The Australian delegation will also include Chris Waller, a horse trainer who looked after many of the Queen’s horses.
Australia has offered to help delegations from Commonwealth countries in the South Pacific fly to the UK for the funeral, including Samoa, Tuvalu, Papua New Guinea, Solomon Islands, Fiji, Tonga and Vanuatu.
Mr Trudeau has invited Leslie Arthur Palmer, a member of the coast guard who was awarded Canada’s Cross of Valour for rescuing two fisherman in 2004. Also in attendance will be Sandra Oh, the Killing Eve actress, who forms part of Justin Trudeau’s official delegation. She will participate in a procession of recipients of national honours, but is not expected to take a seat in Westminster Abbey.
Other recipients of the Order of Canada – the country’s second highest civilian honour – including musician Gregory Charles and Mark Tewksbury, the Olympic gold medal swimmer will also be present.
Non-high profile figures
Her Majesty relied on many close staff, such as her ladies-in-waiting and footmen, who will most likely also be in attendance to pay their respects to the late Queen. One confirmed invite is Angela Kelly, the late Queen’s dresser and trusted confidante.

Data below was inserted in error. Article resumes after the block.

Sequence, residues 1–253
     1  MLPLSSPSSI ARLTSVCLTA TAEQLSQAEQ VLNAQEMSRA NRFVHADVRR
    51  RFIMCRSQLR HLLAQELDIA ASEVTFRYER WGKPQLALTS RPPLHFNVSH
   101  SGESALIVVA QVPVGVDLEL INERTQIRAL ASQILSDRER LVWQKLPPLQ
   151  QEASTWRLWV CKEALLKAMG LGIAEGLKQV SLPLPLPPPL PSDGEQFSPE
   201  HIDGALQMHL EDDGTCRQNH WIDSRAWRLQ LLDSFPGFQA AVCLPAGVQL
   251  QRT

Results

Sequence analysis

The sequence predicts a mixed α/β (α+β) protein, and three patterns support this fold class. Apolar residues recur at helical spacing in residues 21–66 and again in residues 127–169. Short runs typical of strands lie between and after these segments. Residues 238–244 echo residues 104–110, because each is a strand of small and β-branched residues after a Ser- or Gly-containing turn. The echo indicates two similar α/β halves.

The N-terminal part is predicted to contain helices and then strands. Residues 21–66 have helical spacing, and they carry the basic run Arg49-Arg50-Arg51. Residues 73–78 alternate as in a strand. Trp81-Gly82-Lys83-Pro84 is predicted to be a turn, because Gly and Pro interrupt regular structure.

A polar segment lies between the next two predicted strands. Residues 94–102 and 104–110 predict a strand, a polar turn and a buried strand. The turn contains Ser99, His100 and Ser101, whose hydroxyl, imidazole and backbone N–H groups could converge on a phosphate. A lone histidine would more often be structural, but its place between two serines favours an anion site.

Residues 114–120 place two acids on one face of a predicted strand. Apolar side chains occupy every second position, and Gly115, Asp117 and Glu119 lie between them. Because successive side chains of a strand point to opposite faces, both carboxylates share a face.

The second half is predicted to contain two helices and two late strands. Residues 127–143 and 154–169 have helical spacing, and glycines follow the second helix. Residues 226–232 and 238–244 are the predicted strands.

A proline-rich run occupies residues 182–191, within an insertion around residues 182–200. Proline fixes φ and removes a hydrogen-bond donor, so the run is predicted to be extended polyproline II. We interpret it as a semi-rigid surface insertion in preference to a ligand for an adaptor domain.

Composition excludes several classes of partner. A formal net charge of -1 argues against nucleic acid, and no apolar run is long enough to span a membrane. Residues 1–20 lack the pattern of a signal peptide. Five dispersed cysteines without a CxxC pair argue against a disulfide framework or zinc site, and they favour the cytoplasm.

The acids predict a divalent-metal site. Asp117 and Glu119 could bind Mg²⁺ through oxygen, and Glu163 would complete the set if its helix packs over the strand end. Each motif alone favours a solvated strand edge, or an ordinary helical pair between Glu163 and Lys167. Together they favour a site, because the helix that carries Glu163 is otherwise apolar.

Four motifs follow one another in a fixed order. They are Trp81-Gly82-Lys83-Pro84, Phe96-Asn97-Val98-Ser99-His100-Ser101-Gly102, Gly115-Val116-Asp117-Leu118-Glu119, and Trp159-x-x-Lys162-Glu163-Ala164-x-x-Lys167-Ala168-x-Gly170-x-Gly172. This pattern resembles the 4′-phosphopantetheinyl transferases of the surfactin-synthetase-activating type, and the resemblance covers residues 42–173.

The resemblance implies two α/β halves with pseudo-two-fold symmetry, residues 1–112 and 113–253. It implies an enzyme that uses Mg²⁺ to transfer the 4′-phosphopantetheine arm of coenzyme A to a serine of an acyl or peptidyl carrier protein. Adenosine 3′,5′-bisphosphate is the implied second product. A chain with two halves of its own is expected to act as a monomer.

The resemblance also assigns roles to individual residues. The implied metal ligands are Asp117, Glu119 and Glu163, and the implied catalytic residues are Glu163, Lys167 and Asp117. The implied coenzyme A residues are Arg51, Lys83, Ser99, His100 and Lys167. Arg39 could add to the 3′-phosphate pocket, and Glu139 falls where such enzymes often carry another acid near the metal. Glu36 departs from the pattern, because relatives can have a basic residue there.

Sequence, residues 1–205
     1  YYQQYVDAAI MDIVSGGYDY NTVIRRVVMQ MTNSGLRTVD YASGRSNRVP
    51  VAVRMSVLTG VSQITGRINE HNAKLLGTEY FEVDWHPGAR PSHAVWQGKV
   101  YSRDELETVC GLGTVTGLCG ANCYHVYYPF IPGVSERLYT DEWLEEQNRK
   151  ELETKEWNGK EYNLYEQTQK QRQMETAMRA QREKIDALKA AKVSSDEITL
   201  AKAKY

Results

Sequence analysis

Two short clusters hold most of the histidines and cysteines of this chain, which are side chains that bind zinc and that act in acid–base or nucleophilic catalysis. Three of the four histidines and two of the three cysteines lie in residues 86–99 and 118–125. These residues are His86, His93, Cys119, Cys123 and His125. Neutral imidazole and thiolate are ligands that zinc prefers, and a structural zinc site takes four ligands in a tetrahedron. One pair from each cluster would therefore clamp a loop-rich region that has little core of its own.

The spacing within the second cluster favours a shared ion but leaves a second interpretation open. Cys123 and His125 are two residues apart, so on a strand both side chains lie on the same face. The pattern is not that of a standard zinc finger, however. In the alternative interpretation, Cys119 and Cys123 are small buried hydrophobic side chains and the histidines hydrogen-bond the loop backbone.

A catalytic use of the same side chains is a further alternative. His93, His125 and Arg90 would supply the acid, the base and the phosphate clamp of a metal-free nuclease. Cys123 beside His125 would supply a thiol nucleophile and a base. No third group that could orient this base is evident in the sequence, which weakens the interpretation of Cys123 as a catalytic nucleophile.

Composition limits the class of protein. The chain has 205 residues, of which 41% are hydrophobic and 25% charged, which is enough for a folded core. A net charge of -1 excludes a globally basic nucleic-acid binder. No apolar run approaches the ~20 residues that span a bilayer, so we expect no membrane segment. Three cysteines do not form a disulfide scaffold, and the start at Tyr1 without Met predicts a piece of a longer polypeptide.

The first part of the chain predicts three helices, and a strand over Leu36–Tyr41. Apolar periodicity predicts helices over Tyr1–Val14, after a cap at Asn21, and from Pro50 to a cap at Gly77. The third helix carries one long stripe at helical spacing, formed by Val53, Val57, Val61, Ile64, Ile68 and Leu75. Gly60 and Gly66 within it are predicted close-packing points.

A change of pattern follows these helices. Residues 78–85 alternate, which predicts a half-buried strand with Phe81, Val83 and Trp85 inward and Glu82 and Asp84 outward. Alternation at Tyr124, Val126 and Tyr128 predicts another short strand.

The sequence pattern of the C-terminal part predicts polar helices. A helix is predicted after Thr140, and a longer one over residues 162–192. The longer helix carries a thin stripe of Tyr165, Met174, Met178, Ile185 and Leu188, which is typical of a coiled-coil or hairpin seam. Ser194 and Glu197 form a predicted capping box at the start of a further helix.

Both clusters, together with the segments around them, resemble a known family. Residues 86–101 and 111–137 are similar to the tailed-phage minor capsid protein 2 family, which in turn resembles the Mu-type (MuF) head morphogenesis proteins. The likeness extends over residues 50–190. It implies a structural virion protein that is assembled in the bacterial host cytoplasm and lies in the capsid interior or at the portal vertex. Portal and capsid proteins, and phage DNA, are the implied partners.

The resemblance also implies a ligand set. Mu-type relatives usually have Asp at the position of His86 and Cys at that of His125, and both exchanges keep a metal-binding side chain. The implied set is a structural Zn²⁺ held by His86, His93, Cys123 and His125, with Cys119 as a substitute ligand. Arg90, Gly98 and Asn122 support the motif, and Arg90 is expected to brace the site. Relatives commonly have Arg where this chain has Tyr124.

And taking their place alongside the visiting dignitaries will be 183 members of the public, chosen for their service to the community. This may be a grand state occasion, but it is also the people’s funeral, reflecting the late monarch’s connection to her subjects.
Those members of the public were all recognised in the Queen’s Birthday Honours List earlier this year.
The late Queen had specified that honours recipients from all corners of the United Kingdom be included on the guest list, along with George Cross and Victoria Cross holders whose bravery she held in high regard.
They include Barbara Crellin, from Rutland, who was awarded the MBE for setting up an emergency first responder scheme in her local community. Mrs Crellin, 71, also does voluntary work encouraging children to take part in sport.
“When they told me why they were calling, you could have knocked me down with a feather,” Mrs Crellin said of her telephone call from the Cabinet Office last Saturday, inviting her to attend the funeral.
Pranav Bhanot, 34, a solicitor and parish councillor honoured for distributing food to housebound residents of Chigwell, Essex during lockdown, said that the invitation was “the last thing I expected”.